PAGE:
In an impressive new video, members of the Skokomish Watershed
Action Team tell the story of the Skokomish River, its history and
its people, and the ongoing effort to restore the watershed to a
more natural condition.
The video describes restoration projects — from the estuary,
where tide channels were reformed, to the Olympic Mountains, where
old logging roads were decommissioned to reduce sediment loading
that clogs the river channel.
“I thought it was really well done,” SWAT Chairman Mike Anderson
told me. “Some people have remarked about how well edited it is in
terms of having different voices come together to tell the story in
a single story line.”
The 14-minute video was produced with a $20,000 grant from the
Laird Norton Family Foundation, which helped get the SWAT off the
ground a decade ago, when a facilitator was hired to pull the group
The foundation’s Watershed
Stewardship Program invests in community-based restoration,
said Katie Briggs, the foundation’s managing director. In addition
to the Hood Canal region, the foundation is supporting projects in
the Upper Deschutes and Rogue rivers in Oregon.
As Katie explained in an email:
“LNFF has been interested in the collaborative work in the
Skokomish for a number of years, and we have been consistently
impressed with the way an admittedly strange group of bedfellows
has pulled together, set priorities, and moved a restoration agenda
forward in the watershed.
“We think their story is compelling, and by being able to share
that story in a concise, visual way, they could not only attract
more attention to the work they are doing in the Skokomish, but
also potentially influence and share with other communities
grappling with similar kinds of challenges.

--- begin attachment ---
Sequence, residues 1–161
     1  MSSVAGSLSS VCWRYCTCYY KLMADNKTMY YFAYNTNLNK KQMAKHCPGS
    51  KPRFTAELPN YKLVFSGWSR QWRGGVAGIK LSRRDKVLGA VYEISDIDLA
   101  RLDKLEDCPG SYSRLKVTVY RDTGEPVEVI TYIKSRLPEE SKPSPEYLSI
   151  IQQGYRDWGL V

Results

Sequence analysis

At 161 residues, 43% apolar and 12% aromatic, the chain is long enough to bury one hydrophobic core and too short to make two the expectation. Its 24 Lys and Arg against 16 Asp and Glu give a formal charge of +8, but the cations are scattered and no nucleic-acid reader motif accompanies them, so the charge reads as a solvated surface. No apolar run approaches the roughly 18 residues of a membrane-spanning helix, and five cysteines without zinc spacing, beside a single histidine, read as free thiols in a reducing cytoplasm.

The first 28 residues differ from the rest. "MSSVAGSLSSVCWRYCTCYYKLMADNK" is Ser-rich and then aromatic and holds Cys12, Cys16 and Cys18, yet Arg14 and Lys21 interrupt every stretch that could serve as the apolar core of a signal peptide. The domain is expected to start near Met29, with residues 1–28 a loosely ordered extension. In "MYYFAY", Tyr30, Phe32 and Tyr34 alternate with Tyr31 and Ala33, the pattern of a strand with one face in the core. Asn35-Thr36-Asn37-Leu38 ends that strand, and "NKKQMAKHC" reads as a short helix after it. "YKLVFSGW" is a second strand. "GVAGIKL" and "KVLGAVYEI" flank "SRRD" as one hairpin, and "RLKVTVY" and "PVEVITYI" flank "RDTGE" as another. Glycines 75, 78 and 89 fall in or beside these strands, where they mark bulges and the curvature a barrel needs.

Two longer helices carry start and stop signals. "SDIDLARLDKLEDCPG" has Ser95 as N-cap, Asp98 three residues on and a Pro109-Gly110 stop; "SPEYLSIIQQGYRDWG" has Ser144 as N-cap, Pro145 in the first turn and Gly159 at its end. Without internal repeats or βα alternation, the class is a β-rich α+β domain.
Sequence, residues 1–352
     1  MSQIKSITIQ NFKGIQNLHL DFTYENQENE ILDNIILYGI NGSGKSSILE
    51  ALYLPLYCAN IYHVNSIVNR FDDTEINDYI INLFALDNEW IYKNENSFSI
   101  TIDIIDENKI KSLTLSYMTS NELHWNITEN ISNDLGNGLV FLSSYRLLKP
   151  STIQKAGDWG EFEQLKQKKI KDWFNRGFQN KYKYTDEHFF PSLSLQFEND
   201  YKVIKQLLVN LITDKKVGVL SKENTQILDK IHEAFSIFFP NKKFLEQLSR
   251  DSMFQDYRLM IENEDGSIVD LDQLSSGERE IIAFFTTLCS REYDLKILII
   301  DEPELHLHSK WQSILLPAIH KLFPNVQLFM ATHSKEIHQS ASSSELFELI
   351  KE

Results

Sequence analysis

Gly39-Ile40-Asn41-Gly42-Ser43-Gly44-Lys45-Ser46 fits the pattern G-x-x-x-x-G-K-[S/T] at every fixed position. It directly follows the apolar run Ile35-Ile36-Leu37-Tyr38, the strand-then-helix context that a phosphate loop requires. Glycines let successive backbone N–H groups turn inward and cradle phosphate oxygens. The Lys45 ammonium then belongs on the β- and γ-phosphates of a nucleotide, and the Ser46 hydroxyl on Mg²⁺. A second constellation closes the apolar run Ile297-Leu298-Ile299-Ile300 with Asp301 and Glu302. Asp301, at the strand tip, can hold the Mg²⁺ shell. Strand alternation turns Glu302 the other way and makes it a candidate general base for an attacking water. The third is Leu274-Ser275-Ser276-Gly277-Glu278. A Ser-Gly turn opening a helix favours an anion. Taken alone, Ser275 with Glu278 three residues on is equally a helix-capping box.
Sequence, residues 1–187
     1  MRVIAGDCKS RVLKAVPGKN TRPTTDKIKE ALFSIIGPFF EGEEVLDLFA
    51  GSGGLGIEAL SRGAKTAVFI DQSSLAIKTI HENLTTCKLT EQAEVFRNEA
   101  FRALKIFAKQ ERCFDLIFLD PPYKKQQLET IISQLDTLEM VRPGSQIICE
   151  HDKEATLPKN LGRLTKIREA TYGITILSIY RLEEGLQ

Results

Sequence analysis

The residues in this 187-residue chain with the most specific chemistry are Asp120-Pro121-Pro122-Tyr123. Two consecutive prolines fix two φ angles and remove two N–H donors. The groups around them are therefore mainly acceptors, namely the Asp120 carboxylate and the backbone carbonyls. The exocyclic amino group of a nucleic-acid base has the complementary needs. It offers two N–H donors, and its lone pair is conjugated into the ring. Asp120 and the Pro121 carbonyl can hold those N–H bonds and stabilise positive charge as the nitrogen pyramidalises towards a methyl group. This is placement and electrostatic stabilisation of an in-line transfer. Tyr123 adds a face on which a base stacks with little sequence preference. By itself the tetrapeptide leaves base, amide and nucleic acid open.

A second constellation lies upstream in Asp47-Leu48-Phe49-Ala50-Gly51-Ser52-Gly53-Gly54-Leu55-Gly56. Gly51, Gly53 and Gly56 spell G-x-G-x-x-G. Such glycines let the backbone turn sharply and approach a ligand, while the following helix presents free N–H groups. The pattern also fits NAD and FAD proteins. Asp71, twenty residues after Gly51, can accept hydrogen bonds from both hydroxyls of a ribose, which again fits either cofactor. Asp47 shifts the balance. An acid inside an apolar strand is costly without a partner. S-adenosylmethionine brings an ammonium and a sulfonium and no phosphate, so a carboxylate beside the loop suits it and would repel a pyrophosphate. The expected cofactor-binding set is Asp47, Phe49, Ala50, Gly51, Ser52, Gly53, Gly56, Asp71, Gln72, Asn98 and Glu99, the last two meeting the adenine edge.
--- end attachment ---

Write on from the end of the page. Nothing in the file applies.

“By helping SWAT tell their story, we’ve also gained a tool
through which we are better able to share what it is we care about
with the larger Laird Norton family and others interested in the
foundation’s approach to watershed stewardship.”
The video project was overseen by Tiffany Royal of the Northwest
Indian Fisheries Commission and a subcommittee of SWAT members.
North 40 Productions was chosen to pull together the story, shoot
new video and compile historical footage.
“It captures a lot of the collaboration and restoration,”
Anderson said, “but it doesn’t cover everything. It leaves out most
of the General Investigation and the Cushman settlement.”
The General Investigation is how the Army Corps of Engineers
refers to the studies I wrote about Sunday in the
Kitsap Sun (subscription) and in
Water Ways. The Cushman settlement involves an environmental
mitigation project on the North Fork of the Skokomish funded by the
city of Tacoma and related to relicensing of the Cushman Dam power
Alex Gouley of the Skokomish Tribe said he hopes that the video
will help tell the story of the Skokomish watershed, as with other
tribal efforts such as watershed tours, educational workshops and
classroom field trips.
Alex said he and other tribal members appreciate all the work
done by each member of the SWAT, from Forest Service employees to
the county commissioners, from Green Diamond Resource Company
(formerly Simpson Timber) to small property owners in the
“By coming together, everyone is able to make more informed
decisions about the projects they are working on,” he said.
UPDATE, Jan. 27
The Army Corps of Engineers published a
news release today about tentatively selected plan. It lists
the total cost of the projects at $41 million. This information was
not available when I wrote my story for Sunday’s Kitsap Sun.
Residents in and around the Skokomish Valley have demonstrated
incredible patience, along with some frustration, while waiting for
the Army Corps of Engineers to develop a plan to restore the
I was pleased to announce in
today’s Kitsap Sun (subscription) that top officials in the
corps have now approved a “tentatively selected plan.” This plan
will now undergo extensive review inside and outside the agency.
Two public meetings are being planned, although they have not yet
I’ve been following the development of this plan for many years,
actually long before I wrote a four-part series in 2009 about the
past and future of the Skokomish River. See “Taming